Keeping everything inside, I went through another twenty rooms, patiently recording all the missing mandatory brochures. As I went through each room, the frustration in me also resided, as I was recording more efficiently and doing a task that many may take a pass on, but is, after some thought, perfect for my role as a beginner. I asked myself, “Are you in the place to expect so much on your first day as an intern? Shouldn’t you feel grateful that you’re getting a great opportunity, despite your dearth of experience?” Because of a switch of mindset, I began appreciating the job and gaining new insights on the importance of it. First of all, how nice would it look if all the brochures were neatly displayed on the shelves? The doctors can easily pull out a brochure without worrying about where it is or an overflow of brochures, which would make pulling one out extremely difficult. Secondly, the patients depend on the brochures as one of the many ways they can learn about their bodies, how they’re treated, and the ways they can live a healthy life. I mean, how cool is that! It’s almost as if I’m working behind the scenes, using my two hands to make a difference, as little as it may be. No patient would necessarily appreciate me the way they would to a doctor since the patient-doctor relation contains more immediate and direct interactions, but a patient could still benefit from the nicely arranged brochures. The fact that there’s a chance a patient might notice how accessible and tidy the brochures look made me value this laborious, mundane type of work.

The next day, I spent hours carrying the stocks of brochures in the inventory to the space right outside the room I work in, putting them in either a box or a cart. Then, I spent approximately two hours making two documents on the computer. The first one is a detailed chart of the missing brochures in all twenty nine exam rooms. The second document indicates the amount of each brochure in the inventory. At this point, I began devoting a considerable amount of time and effort in this task. No longer was I concerned about how tedious it would be to go into every room and organize all the brochures. All I could think of was how meaningful this project was to me, and how much it would help patients if I accomplished it well. The optimism and energy carried on to the following day, when I started organizing the brochures in the rooms and putting in missing ones based on the chart I made. Since the other document shows sufficient supplies of all brochures, I didn’t have to worry about running out. I took the time to make sure the arrangement of brochures on the shelves in the rooms were more or less the same. Although the shelves were different for some of the rooms, I always started off with “Gynecological Cancer”, went through “Mammogram”, “Colorectal Cancer”, “Strategies to Quit Smoking”, “Should You Get a PSA Test?”, “Planning for Asthma”, “What You Should Know About Diabetes”, “Chlamydia”, “How to Check Your Testes”, before ending with “STD (Sexually-Transmitted Disease)”. After I was done with all the mandatory brochures, I put the individual brochures that each doctor likes to have in his or her room in a separate section of the shelf.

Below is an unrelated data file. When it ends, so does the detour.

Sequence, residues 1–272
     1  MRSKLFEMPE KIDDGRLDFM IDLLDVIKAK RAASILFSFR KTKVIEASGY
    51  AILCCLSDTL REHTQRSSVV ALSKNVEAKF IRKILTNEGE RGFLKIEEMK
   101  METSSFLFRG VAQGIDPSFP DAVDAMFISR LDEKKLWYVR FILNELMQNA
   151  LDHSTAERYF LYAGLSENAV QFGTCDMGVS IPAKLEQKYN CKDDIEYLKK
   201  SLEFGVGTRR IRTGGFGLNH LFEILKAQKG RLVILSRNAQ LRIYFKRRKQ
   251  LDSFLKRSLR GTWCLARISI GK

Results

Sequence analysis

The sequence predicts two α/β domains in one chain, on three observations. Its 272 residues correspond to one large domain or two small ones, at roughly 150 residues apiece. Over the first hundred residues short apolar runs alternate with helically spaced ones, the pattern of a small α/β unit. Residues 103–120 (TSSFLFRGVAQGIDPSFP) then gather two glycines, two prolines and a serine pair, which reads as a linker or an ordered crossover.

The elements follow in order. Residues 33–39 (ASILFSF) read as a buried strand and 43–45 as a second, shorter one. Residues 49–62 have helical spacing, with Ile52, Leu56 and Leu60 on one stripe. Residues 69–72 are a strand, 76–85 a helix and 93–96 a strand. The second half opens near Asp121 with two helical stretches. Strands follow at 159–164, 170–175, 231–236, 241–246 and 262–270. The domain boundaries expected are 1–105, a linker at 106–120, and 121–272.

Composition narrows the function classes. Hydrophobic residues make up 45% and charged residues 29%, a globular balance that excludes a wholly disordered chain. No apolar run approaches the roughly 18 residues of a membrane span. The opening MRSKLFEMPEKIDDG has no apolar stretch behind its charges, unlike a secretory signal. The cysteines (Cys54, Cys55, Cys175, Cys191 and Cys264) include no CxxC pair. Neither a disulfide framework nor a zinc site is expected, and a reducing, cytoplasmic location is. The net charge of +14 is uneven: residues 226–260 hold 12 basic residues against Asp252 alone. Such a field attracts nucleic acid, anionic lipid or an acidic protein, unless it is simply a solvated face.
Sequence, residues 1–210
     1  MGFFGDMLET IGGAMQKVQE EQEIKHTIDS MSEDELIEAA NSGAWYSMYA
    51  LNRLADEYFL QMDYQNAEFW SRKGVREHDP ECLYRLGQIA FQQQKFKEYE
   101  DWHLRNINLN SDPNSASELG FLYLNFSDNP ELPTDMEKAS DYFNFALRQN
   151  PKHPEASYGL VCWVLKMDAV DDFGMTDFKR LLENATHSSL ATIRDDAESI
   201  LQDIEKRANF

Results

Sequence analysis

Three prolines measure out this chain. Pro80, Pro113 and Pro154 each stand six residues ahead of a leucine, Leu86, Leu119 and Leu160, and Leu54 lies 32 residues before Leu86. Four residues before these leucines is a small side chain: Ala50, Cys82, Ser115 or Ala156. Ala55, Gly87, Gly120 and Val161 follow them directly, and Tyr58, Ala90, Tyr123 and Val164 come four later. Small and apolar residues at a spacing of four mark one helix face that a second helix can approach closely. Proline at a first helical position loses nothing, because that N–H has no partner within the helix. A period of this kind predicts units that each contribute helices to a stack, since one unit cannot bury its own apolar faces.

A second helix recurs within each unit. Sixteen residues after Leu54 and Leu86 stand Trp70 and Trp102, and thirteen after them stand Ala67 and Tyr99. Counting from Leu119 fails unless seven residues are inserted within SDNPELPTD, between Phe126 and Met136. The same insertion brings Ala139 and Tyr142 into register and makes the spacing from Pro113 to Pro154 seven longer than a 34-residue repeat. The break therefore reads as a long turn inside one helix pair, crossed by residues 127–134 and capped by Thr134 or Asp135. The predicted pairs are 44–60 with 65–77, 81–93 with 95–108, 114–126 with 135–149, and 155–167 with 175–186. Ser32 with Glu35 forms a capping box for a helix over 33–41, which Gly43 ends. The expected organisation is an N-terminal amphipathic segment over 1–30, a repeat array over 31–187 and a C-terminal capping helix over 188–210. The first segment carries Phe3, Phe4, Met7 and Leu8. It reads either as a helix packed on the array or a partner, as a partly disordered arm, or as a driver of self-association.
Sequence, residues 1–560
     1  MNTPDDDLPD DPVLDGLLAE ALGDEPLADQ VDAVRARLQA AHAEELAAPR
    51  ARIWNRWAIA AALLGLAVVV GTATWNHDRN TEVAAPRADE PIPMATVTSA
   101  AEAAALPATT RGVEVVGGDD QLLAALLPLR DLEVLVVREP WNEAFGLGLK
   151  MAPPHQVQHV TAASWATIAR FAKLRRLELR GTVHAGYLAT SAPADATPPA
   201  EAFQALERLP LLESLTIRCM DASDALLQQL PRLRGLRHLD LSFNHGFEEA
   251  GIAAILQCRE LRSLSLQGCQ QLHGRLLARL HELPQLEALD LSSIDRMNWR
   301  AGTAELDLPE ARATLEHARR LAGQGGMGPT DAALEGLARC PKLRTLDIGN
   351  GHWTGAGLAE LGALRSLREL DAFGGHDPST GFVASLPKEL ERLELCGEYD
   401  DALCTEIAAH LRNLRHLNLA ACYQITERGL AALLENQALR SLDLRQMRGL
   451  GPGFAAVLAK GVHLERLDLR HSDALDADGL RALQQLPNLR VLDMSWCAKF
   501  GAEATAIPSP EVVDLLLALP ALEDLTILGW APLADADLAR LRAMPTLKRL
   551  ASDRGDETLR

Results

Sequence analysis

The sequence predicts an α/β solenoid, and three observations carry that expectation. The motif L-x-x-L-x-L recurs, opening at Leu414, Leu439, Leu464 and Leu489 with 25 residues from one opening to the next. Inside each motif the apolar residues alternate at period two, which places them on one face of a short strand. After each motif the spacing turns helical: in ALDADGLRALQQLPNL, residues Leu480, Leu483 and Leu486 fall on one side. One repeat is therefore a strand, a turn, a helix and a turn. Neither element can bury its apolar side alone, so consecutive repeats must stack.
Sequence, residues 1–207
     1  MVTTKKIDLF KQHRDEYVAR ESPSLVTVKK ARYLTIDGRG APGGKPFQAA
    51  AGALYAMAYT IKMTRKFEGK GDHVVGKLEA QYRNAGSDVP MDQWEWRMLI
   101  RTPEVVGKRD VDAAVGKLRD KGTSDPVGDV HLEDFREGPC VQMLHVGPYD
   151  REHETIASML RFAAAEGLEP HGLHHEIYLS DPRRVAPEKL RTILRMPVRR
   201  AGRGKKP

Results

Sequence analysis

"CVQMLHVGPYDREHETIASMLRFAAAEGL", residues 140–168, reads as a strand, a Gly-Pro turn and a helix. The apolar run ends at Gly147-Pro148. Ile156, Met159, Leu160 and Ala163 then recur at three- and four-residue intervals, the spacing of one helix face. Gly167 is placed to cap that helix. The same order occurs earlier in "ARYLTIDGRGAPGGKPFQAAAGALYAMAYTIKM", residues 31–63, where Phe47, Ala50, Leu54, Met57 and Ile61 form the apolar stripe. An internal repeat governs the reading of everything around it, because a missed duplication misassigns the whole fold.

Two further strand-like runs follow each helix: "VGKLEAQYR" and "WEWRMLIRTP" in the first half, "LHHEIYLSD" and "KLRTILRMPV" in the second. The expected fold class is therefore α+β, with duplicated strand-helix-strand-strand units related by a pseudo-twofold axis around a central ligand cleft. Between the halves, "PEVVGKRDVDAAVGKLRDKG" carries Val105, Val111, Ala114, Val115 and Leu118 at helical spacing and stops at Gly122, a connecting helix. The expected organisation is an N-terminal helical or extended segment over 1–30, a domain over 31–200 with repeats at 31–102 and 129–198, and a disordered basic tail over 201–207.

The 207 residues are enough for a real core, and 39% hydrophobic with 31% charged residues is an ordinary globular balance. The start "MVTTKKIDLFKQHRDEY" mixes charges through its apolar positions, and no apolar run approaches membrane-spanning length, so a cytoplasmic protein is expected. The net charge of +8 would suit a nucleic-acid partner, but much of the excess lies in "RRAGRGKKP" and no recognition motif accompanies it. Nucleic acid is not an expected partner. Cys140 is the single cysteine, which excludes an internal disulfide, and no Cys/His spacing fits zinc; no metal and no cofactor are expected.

The whole project took about a week, but it only marked the beginning of the eight-week internship at the medical center. After I was done with the project, I walked past all the exam rooms, peering inside each room to see how clean and orderly the brochures were on the shelves and silently clapping for myself. I started the journey of this project a bit bumpily, but I ended up wholly embracing the process and the outcome of the project. This journey has taught me the importance of having patience and a positive attitude in the face of a seemingly difficult situation. Once I was able to break through the frustration with a trivial miscommunication, everything brightened up, including my own attitude. I was then able to see the bright side of the project: the fact that I was more or less contributing to the general knowledge of patients through my “exhibition” of brochures. Had I let the frustration get the better of me, I would’ve made this project an infinitely harder process, and stripped myself of the potential passion and happiness I’d feel for the work I was engaging in. Because I thought of myself as a beginner working around professionals, I was able to override that frustration and think positive. Any beginner only deserves to start off with the basics. Only by building off of the basics can one obtain the knowledge and skills of a professional, like a doctor or a nurse. Through working as a beginner, I grasped the meaning of patience and attitude, which I can now carry on in my pursuit of becoming a professional – a professional who will never stop learning on behalf of these two values!